In our networks with mainly Opensuse and Debian servers I had used YaST's CA-module to create a CA and server certificates signed by this CA. The stupid thing is that the required "yast2-ca"-module and its RPM are missing since Opensuse Leap 15.0. This was not a major problem so far; the update processes respected existing certificates, of course. However, some days ago two of my central server certificates - namely the one for my LDAP-server and an Apache2-server - expired. This in turn lead to a breakdown of several other services on other (virtual) machines: SSSD, IMAP, Postfix (SMTP, because these services use the LDAP server among other things as a backend for user authentication. (SSSD itself provides a TLS connection to LDAP.)

The Opensuse documentation cha.security.yast_ca.html is really misleading because it claims to be valid for Opensuse Leap 15.1 - which it is not, as there still is no yast-ca-module available. For me this kind of policy of Opensuse is unbelievable; doesn't Leap provide the basic platform for SLES? How shall SLES admins in smaller companies tackle the resulting problems? Buy a PKI tool? Everybody talks about secuirty .... but SuSE (???)

I wanted some cost free alternative for my own network - and as a first trial I went for "TinyCA2".

This became more of an adventure than expected. Part of the hurdles were due to Opensuse specific settings - but also due to the very many different configuration files which had to be adapted for the certificate of my new CA - which came in addition to my old one. (I did not yet want to give up the old CA as some (virtual) servers still have valid server certificates from it.) Another obstacle appeared when Opensuse deleted any new files in "/etc/ssl/certs" after a system restart. Also the GUI of TinyCA2 has some strange "features" regarding default values, which I did not become aware of during my first trials. In addition it seemed to be necessary to replace SHA1 by SHA256. And in the end I got e.g. Apache running with its new server certificate, but not e.g. the slapd.service - due to a access rights problem which was difficult to see.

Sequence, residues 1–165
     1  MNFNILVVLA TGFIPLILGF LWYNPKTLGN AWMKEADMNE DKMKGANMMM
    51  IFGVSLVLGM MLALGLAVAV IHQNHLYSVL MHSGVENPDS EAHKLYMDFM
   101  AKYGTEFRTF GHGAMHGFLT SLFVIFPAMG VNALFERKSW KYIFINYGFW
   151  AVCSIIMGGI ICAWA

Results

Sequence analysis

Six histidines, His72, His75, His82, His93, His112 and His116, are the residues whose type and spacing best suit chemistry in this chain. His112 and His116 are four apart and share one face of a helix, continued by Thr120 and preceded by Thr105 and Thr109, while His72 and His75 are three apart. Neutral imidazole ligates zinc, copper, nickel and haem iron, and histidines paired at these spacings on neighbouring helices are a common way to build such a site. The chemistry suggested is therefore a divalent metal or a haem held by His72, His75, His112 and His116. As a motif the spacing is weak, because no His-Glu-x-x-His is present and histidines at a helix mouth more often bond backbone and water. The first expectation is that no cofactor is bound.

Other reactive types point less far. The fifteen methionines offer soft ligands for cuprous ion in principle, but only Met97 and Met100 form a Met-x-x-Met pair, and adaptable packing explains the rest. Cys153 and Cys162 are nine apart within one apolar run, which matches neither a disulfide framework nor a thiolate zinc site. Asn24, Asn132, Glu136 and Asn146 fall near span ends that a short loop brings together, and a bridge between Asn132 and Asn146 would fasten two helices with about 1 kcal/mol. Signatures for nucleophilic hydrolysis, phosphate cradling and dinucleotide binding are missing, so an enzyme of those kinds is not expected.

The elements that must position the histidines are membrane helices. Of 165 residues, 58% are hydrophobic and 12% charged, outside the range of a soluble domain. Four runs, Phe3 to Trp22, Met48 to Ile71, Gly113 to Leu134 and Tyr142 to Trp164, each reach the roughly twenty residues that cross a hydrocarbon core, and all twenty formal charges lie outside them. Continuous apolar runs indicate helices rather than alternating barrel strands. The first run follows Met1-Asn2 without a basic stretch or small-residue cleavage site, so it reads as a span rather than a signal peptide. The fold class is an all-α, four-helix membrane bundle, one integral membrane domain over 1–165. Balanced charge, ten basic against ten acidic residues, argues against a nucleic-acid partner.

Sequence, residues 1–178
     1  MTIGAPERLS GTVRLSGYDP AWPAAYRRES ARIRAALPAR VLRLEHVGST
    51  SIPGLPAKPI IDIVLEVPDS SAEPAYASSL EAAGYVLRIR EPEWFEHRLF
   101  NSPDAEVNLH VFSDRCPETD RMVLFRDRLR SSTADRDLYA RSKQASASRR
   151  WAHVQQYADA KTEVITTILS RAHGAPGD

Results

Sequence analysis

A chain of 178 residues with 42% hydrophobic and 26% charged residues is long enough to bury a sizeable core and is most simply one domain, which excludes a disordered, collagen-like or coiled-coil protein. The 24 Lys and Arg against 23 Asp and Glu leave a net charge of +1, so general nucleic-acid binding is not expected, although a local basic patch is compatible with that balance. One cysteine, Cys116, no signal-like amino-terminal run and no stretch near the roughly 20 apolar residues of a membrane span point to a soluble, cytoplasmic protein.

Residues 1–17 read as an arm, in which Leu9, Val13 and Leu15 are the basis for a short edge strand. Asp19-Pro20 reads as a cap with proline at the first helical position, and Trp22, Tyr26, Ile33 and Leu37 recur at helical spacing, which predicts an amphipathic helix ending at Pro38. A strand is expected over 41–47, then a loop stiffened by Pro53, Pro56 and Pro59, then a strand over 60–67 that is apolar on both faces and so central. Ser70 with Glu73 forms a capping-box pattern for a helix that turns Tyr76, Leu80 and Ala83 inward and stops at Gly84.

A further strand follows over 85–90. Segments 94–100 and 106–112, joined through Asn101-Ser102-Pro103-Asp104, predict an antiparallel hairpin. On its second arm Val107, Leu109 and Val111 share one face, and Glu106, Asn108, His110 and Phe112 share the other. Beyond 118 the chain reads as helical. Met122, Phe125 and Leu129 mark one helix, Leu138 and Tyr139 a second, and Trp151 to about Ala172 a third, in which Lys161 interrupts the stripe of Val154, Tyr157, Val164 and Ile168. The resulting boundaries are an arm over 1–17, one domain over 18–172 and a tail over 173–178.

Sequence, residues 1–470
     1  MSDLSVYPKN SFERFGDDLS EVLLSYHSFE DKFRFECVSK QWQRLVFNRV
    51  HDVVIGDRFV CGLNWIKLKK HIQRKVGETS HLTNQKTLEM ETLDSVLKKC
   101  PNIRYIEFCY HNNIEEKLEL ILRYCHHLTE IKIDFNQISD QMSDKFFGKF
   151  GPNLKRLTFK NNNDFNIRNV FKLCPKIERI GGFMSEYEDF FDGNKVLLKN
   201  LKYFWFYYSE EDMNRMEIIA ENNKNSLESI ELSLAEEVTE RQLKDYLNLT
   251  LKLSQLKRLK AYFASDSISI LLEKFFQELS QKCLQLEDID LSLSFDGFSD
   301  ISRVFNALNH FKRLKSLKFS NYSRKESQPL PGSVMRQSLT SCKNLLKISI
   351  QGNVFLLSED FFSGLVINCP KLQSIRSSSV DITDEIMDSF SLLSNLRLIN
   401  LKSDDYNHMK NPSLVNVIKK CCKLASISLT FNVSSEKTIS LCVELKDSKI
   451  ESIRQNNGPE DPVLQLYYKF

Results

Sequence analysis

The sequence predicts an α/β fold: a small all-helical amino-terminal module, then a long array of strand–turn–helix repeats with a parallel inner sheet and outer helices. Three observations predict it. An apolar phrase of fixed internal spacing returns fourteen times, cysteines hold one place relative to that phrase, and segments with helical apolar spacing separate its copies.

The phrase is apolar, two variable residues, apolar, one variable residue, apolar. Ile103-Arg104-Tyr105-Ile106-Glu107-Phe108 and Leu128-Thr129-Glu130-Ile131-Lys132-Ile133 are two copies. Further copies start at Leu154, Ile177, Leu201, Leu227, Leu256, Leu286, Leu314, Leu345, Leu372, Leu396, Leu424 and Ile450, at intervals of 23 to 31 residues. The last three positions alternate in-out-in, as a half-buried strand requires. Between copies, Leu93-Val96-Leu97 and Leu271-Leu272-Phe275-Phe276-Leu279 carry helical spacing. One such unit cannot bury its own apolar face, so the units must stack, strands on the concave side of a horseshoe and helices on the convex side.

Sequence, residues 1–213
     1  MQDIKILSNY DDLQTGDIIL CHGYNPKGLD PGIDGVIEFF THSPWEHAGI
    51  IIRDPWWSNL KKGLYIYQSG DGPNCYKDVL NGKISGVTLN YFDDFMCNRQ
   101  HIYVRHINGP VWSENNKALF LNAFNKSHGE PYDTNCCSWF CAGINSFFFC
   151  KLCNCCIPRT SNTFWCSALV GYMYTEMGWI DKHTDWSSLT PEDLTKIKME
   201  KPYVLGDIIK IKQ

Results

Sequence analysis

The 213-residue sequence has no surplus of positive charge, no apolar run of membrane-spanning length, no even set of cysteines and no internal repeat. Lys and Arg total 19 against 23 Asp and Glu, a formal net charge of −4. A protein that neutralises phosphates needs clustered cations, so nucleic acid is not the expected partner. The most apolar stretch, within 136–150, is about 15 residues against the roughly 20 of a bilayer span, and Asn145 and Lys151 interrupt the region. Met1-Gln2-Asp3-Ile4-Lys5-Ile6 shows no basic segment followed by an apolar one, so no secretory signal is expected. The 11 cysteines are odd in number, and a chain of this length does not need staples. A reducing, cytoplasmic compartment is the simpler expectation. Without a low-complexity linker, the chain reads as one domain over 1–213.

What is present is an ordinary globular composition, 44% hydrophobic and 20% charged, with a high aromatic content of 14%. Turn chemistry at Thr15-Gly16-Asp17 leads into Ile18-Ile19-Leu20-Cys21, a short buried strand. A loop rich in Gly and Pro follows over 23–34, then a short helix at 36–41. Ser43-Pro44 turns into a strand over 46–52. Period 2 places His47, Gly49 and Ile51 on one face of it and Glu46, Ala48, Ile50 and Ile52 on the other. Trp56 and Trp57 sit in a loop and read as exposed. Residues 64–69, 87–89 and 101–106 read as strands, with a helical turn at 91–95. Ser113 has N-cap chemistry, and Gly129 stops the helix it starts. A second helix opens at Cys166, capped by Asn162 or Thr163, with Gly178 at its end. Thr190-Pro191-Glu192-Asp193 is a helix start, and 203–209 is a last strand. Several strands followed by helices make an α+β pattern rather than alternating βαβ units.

In this article I shall describe most of the required steps for switching to a TinyCA2 CA and adjusting server settings. I shall concentrate on some simple services as examples. But I hope the general pattern of how to proceed will become clear and help others, who work with Opensuse, to save a bit of time.

Installing and patching TinyCA2

Both Opensuse Leap 15.0 and Opensuse Leap 15.1 provide RPMs for TinyCA2 version 0.7.5. Which is from 2015. If you have a look at GitHub (see the link in the last section of this article) you may also find some (important) patches. On an Opensuse system You install the RPM easily with the help of YaST (yast2). After the installation you find the Perl files of TinyCA2 in the directory "/usr/share/TinyCA2/lib".

When you start TinyCA2 via the command "tinyca2 &" the first thing you may stumble across is the fact that (among other digests) MD5 and SHA1 are offered as hashing algorithms. Look at the bottom part of the following screenshot:

(By the way: The layout - especially the icons - may look different on your system. It depends on your graphical desktop and your settings for GTK applications)

You see that we get a variety of hashing algorithms offered under the category "Digest". Most of them are regarded insecure today. So, even in a semiprofessional environment you would like to see something better - e.g. SHA256. Fortunately, another guy (Bill Thorsteinson) had the same problem and he has created a patch for TinyCA2 which enables SHA256. You find the patch at
https://www.systemajik.com/tinyca-sha2/.

Let us try this out; on my ssh session to my central server "myserv" (this is the one with LDAP):

myserv:~ # mkdir /extras/Updates/tinyca
myserv:~ # wget https://www.systemajik.com/wp-uploads/2014/10/tinyca_sha256.patch_.txt -O /central/Updates/tinyca/tinyca_sha256.patch_.txt
--2019-07-20 12:44:57--  https://www.systemajik.com/wp-uploads/2014/10/tinyca_sha256.patch_.txt
Resolving www.systemajik.com (www.systemajik.com)... 206.47.13.3, 2001:470:1f11:b22::8
Connecting to www.systemajik.com (www.systemajik.com)|206.47.13.3|:443... connected.
HTTP request sent, awaiting response... 200 OK
Length: 4863 (4.7K) [text/plain]
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myserv:~ # 
myserv:~ # cd /usr/share/TinyCA2/lib
myserv:/usr/share/TinyCA2/lib # cp /extras/Updates/tinyca/tinyca_sha256.patch_.txt .
myserv:/usr/share/TinyCA2/lib # patch --verbose -p1 < tinyca_sha256.patch_.txt
Hmm...  Looks like a unified diff to me...
The text leading up to this was:
--------------------------
|From e5e25e55f8da2b4d2bad584f2145ca0ff6b3a92a Mon Sep 17 00:00:00 2001
|From: Bill Thorsteinson <bill.git@systemajik.com>
|Date: Thu, 30 Oct 2014 22:26:47 -0400
|Subject: [PATCH] Apply changes
|
|---
...
...
|--- a/REQ.pm
|+++ b/REQ.pm
--------------------------
patching file REQ.pm
Using Plan A...
Hunk #1 succeeded at 59.
Hunk #2 succeeded at 426.
Hmm...  Ignoring the trailing garbage.
done